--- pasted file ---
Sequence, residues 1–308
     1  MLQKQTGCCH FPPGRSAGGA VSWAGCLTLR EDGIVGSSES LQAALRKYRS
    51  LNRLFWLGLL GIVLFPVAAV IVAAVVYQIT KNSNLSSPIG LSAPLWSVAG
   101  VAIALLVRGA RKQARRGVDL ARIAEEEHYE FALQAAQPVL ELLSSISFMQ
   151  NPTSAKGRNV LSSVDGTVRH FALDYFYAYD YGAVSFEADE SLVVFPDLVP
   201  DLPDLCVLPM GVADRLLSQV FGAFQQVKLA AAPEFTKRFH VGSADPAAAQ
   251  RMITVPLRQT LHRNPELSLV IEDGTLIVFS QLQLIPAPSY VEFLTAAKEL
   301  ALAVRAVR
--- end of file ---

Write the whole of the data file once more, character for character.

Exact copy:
Sequence, residues 1–308
     1  MLQKQTGCCH FPPGRSAGGA VSWAGCLTLR EDGIVGSSES LQAALRKYRS
    51  LNRLFWLGLL GIVLFPVAAV IVAAVVYQIT KNSNLSSPIG LSAPLWSVAG
   101  VAIALLVRGA RKQARRGVDL ARIAEEEHYE FALQAAQPVL ELLSSISFMQ
   151  NPTSAKGRNV LSSVDGTVRH FALDYFYAYD YGAVSFEADE SLVVFPDLVP
   201  DLPDLCVLPM GVADRLLSQV FGAFQQVKLA AAPEFTKRFH VGSADPAAAQ
   251  RMITVPLRQT LHRNPELSLV IEDGTLIVFS QLQLIPAPSY VEFLTAAKEL
   301  ALAVRAVR